and eating while supporting local vendors and observing local commerce in action. Some do
seem to cater more to the tourist crowds than to be part of the fabric of local Thais' daily lives,
but there are others that make for a nice authentic travel experience.(2)


3.Environment(climate)-(3) Thailand’s climate is tropical with a mean annual temperature of

28°C and high humidity. There are three distinct seasons – the hot season from March to May,
the cool season from November to February and the rainy season from about June to October.(3)
Rain- In Bangkok, Phuket and Chiang Mai, it rains very frequently (almost every day) during
the rainy season, though it rarely rains all day. Storms in this part of the world can be intense,
with very heavy downpours, loud thunder and lots of lightning. Downpours typically occur in
the late afternoon or early evening, though it does sometimes rain in the morning, too. Even
when it isn’t raining, skies are often overcast and the air can be very humid.(4)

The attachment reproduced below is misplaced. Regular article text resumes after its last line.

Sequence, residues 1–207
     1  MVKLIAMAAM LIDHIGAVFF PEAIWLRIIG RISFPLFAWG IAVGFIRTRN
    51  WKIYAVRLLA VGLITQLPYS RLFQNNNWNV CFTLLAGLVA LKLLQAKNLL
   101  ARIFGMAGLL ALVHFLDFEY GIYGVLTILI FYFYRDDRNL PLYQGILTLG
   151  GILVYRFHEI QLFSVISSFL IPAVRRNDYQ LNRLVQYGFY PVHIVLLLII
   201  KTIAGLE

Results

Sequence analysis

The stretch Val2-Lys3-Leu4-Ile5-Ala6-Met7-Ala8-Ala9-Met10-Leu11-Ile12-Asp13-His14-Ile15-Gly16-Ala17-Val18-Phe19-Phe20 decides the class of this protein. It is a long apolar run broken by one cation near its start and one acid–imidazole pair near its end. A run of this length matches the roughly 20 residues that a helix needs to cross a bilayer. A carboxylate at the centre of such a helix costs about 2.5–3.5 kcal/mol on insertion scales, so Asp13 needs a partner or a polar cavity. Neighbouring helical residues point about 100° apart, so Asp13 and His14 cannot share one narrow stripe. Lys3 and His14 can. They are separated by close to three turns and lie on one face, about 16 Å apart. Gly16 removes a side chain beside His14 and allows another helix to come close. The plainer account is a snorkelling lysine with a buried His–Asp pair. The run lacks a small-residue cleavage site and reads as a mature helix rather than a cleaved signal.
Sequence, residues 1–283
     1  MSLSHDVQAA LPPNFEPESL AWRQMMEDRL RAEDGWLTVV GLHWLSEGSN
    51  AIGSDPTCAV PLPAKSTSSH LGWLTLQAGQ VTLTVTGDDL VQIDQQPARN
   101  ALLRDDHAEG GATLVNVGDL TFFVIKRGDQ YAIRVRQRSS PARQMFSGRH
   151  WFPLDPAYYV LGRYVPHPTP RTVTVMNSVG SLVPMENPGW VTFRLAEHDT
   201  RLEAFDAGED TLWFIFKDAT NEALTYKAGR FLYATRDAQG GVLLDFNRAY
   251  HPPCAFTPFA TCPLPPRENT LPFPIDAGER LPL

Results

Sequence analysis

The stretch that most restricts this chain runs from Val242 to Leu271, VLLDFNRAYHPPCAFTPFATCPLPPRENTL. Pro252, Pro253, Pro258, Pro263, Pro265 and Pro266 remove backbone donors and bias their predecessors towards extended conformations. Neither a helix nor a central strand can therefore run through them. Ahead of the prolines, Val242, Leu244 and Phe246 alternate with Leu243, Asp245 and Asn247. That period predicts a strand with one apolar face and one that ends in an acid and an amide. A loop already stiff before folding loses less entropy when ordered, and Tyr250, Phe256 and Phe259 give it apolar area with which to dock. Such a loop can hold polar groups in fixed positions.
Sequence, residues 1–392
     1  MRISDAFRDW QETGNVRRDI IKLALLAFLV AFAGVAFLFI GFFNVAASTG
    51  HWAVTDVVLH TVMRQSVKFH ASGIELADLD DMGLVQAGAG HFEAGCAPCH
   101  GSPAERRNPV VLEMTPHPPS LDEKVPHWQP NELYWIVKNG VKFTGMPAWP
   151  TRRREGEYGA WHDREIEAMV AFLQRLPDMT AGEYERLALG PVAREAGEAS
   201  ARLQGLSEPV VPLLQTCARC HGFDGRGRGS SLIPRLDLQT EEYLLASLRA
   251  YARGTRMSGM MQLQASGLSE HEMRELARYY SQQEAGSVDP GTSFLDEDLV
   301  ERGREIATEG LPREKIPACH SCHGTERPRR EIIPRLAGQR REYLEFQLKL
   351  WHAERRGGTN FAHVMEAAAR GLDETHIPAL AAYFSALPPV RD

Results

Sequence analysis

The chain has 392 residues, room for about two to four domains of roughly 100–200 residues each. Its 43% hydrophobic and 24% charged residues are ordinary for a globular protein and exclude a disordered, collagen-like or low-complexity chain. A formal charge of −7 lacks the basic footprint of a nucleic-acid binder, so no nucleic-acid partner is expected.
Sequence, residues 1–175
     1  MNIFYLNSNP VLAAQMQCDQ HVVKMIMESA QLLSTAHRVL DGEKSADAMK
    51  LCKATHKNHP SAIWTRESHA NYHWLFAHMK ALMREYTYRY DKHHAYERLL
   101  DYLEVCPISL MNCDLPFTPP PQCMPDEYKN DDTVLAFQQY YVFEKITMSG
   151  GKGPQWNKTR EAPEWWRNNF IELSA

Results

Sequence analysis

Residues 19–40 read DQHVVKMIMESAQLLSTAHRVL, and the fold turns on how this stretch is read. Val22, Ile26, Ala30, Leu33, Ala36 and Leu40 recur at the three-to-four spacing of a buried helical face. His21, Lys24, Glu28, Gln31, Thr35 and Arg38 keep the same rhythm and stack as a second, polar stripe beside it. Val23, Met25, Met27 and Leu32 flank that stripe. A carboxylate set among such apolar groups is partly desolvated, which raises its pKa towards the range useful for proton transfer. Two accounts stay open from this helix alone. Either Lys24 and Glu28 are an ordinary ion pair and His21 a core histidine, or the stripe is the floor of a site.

Temperature:(4) Thailand's tropical climate is characterised by high temperatures and humidity

throughout the year. April and May feature the hottest temperatures while the weather in June sees
the monsoon pattern bringing heavy rain through to October.

November to February is the best time to visit Thailand as the weather is relatively mild and sunny
with humidity levels dropping and temperatures cooling from the North East breeze. Thailand's
average climate ranges from 30°C at its lowest in December and up to 36°C from January to April.
Rainfall generally averages from 5mm in December to 300mm in September in central parts of
Thailand. (5)


Political and legal analysis: Joint ventures are permitted under Thai law however some
restrictions apply in doing business in Thailand. Some of these restrictions follow: